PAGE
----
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Air Warfare Destroyer

Air Warfare Destroyer

Air Warfare Destroyer block
The AWD project was the most complex naval ship construction program ever undertaken in Australia and was Australia’s largest defence procurement project. It has built industry capability and skills, growing the naval shipbuilding sector capability Australia-wide for future naval shipbuilding projects.

Challenge

There were approximately 2,500 people working directly on the Air Warfare Destroyer program throughout Australia, including a national Air Warfare Destroyer shipyard production workforce of about 1,700 people - with major economic benefits to thousands of people in businesses within the supply chain.

BAE Systems Maritime was contracted to build blocks for the three ships in the Commonwealth’s Air Warfare Destroyer (AWD) program. Early in the program BAE Systems Maritime Division was being criticised in the media for lack of quality and being behind in schedule. Two years into the contract the AWD team turned around the problems of the past to deliver blocks which had a fraction of the rework from first blocks delivered to ASC.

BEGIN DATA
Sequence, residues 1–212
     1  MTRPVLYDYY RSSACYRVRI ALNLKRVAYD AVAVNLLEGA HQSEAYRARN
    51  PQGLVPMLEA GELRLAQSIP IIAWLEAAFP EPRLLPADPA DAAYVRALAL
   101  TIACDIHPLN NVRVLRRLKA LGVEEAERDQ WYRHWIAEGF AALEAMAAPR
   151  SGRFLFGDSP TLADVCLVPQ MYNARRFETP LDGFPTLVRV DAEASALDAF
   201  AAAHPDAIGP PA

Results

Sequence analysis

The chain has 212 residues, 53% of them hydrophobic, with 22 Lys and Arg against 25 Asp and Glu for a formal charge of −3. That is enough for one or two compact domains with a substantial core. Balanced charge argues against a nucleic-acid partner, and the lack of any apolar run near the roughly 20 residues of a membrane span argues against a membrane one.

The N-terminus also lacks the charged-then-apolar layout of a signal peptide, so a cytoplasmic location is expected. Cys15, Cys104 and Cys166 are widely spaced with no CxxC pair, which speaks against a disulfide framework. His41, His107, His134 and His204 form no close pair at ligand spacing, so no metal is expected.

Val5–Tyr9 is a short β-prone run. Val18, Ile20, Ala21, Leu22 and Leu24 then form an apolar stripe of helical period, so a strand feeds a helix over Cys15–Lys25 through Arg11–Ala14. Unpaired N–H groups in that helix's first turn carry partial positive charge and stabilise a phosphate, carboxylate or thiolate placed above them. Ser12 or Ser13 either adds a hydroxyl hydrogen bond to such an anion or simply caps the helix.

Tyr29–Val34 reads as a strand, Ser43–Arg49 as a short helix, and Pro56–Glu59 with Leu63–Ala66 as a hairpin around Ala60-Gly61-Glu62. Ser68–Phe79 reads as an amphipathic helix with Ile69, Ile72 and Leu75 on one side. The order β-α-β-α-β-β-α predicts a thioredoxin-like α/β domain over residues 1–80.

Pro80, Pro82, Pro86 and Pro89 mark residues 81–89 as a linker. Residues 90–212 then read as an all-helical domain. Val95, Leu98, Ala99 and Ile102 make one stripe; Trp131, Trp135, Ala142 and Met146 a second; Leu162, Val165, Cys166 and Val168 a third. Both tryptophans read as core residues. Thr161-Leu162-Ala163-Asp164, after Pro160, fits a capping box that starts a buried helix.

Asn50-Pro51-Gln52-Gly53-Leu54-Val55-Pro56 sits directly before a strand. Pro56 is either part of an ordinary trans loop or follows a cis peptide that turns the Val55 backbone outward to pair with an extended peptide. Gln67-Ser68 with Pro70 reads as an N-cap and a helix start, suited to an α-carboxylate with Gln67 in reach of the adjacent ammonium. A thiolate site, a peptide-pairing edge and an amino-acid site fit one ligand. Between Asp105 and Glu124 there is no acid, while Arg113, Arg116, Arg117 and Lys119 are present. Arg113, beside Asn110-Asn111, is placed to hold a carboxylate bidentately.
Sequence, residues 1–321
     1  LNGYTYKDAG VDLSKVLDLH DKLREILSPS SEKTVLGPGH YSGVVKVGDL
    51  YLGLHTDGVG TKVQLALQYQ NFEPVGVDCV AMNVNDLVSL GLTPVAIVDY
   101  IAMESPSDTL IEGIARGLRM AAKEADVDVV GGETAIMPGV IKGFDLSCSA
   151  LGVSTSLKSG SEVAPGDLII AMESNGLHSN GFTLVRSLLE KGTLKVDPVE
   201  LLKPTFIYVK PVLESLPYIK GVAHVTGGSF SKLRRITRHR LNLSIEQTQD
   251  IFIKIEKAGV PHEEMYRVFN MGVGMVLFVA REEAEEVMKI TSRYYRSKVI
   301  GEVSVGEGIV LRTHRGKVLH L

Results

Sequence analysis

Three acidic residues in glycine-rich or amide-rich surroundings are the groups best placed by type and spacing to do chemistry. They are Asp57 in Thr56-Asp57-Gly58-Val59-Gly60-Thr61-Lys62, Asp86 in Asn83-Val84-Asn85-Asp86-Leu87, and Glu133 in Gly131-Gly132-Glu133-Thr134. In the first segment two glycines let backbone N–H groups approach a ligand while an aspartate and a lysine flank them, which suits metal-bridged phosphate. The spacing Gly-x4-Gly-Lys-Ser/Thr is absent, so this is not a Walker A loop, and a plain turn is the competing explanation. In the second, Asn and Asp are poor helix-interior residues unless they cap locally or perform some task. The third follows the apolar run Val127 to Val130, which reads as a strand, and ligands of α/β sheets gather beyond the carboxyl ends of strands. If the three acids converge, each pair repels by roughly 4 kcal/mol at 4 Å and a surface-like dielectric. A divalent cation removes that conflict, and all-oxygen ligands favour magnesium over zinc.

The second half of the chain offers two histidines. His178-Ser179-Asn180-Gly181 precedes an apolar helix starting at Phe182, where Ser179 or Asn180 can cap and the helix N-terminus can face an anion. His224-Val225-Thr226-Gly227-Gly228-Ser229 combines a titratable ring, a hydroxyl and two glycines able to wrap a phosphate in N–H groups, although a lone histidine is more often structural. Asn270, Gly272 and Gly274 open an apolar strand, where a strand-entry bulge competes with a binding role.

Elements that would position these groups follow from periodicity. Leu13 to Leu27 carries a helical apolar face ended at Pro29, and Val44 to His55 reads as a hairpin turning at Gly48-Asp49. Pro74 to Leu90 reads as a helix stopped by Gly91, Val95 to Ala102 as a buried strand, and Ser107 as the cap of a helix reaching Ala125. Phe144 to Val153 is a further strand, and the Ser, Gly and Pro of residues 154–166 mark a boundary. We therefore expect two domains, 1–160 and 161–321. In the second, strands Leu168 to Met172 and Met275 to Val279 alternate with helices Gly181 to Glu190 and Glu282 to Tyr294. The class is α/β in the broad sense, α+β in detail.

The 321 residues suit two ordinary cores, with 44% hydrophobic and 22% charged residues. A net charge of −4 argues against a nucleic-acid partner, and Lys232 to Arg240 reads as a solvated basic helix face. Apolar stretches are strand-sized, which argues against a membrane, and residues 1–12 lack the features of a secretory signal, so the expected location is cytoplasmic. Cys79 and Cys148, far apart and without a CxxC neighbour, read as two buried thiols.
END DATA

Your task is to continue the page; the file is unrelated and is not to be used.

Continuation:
Process

The project team undertook a program of improvements to raise the quality of the blocks to meet customer satisfaction. Areas that contributed to the turnaround in performance included welding quality, work preparation and dimension control. In addition material management, production build sequence improvement and change management also significantly improved productivity.

 

Result

The improvement in welding quality and dimensional tolerance reduced our costs, enabled us to hold schedule and contributed to gaining acceptance on the last four blocks of Ship 1. The release rate of work orders was about half of what was required to hold schedule and the change in approach the team developed meant that BAE Systems began issuing work orders ahead of schedule.

Part of the solution also involved importing some of the knowledge and process around dimensional control from the UK. This was vital in getting BAE Systems back on track with the build.

The team established a visual datum system on blocks through build and improved the reporting by removing the Excel reporting and moving to visual reports with traceable storage. This meant the construction team could actually see where there was the potential to go wrong.

Following the implementation of the process improvements, the AWD team shipped more blocks to the ASC early in 2013, with Block 415 of Ship 2 being defect free.